The cycle of blame

The most obvious way of others apportioning blame is us being told we are to blame. Blame isn’t always down to us, but directed at us. It’s their guilt enforced on us. It’s in families, in society, in the wider world.

The expression ‘elephant in the room’ refers to a problem, a topic of conversation in the past that no one wants to talk about, or wants to discuss because it’s uncomfortable, is part of the cycle of blame.

With the ‘elephant in the room’ you don’t have to be in the same house to feel the tension. But it’s not our uncomfortable. It is important others understand the reasoning behind our decisions.

It depends on the subject, not all subjects are political, or inflammatory. But people will always have to make decisions that others may not be happy or comfortable with, but as my story shows, the decisions we make are usually for good reason.

We must own what’s ours and take responsibility for what we put out there. We must understand our lives, we must accept we are to blame when we are to blame, instead of assigning blame on others all the time.

It’s allowing ourselves to heal and moving away from the cycle of blame.

15 Jan, 2020

2 thoughts on “The cycle of blame

  1. My parents never came out directly to say they were to blame for their problems, but they surely went well out of their way to make us feel that way.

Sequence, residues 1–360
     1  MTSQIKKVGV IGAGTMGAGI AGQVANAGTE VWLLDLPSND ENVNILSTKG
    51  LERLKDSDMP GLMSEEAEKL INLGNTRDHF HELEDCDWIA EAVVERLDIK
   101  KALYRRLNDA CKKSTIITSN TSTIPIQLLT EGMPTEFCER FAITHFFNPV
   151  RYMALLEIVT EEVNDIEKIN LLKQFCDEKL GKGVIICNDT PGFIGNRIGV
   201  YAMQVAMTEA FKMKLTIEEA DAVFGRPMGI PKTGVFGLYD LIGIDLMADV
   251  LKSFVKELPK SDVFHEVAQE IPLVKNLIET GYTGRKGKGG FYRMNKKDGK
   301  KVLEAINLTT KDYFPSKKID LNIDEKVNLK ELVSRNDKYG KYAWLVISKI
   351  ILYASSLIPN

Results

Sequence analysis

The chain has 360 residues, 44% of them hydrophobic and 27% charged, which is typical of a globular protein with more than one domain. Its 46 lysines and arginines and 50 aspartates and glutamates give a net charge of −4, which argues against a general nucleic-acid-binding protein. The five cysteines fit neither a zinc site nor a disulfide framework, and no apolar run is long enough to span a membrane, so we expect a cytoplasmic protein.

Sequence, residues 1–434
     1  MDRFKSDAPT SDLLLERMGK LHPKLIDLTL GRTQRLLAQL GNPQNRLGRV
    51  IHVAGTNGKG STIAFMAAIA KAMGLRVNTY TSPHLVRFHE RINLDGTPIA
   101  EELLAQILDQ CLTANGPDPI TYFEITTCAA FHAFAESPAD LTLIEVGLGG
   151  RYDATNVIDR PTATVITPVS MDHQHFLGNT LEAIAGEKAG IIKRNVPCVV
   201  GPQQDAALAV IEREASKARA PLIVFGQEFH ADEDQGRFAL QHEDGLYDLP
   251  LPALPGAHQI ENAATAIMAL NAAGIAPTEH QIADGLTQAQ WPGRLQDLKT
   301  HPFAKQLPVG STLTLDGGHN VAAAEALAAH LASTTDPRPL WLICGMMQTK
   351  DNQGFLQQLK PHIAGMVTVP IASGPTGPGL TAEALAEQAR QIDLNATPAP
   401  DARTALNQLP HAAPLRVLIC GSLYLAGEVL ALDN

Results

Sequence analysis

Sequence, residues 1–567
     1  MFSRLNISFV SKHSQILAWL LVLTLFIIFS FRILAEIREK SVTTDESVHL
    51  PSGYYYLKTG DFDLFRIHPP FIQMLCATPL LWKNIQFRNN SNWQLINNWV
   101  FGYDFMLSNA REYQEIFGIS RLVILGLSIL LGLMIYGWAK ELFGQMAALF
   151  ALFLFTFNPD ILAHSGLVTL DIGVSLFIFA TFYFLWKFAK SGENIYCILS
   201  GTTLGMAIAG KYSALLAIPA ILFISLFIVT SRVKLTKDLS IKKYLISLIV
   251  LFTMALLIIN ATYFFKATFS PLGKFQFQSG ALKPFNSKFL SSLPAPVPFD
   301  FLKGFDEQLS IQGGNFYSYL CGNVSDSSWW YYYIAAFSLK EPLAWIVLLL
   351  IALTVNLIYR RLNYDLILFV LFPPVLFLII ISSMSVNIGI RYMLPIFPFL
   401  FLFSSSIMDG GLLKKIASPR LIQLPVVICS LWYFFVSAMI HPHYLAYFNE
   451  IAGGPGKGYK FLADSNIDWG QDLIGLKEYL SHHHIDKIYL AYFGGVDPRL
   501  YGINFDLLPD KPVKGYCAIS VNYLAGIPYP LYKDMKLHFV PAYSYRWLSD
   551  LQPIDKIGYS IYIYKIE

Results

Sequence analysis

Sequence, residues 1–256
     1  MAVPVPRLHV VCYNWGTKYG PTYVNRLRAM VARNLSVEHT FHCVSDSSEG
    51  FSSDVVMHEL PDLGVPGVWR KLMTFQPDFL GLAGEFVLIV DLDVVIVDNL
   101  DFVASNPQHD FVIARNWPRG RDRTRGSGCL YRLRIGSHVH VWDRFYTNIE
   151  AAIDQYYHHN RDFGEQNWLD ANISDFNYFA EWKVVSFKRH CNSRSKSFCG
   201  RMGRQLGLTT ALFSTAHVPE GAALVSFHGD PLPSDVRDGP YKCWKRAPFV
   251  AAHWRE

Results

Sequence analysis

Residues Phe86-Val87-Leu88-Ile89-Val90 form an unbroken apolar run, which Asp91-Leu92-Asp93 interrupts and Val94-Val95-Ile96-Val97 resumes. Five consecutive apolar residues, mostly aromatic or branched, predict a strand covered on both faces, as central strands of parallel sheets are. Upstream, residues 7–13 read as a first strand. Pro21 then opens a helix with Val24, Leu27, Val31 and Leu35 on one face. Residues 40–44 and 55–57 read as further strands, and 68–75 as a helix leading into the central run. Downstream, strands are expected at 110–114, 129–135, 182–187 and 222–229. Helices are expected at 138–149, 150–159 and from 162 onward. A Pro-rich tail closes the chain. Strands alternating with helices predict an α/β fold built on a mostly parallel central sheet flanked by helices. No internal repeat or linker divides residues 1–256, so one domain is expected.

People always like to mention the ‘elephant in the room’ but in both our cases, it was more like the whole herd was stampeding through there.

    I had contemplated at one time working to break the cycle, but I waited far too long and it ended very badly. I always used to enjoy blaming my parents for how screwed up I was, but at a certain point it doesn’t work any longer.

    I have made many poor choices in my life and have had to accept responsibility for them. I need to stop making those same poor choices, and break the cycle before it’s too late.

    1. Thanks Randy. Yes, as you say, ‘at a certain point it doesn’t work any longer ‘- we must take back control for ourselves and make our lives work.

      We are responsible for ourselves as adults, even if our parents are responsible for us as children. We can’t continue to lay the blame at their door and on their part, they must take responsibility for their actions.

      Continuing to blame them is counterproductive in the longer term. It may make us initially feel better, but will only serve to make us more angry.

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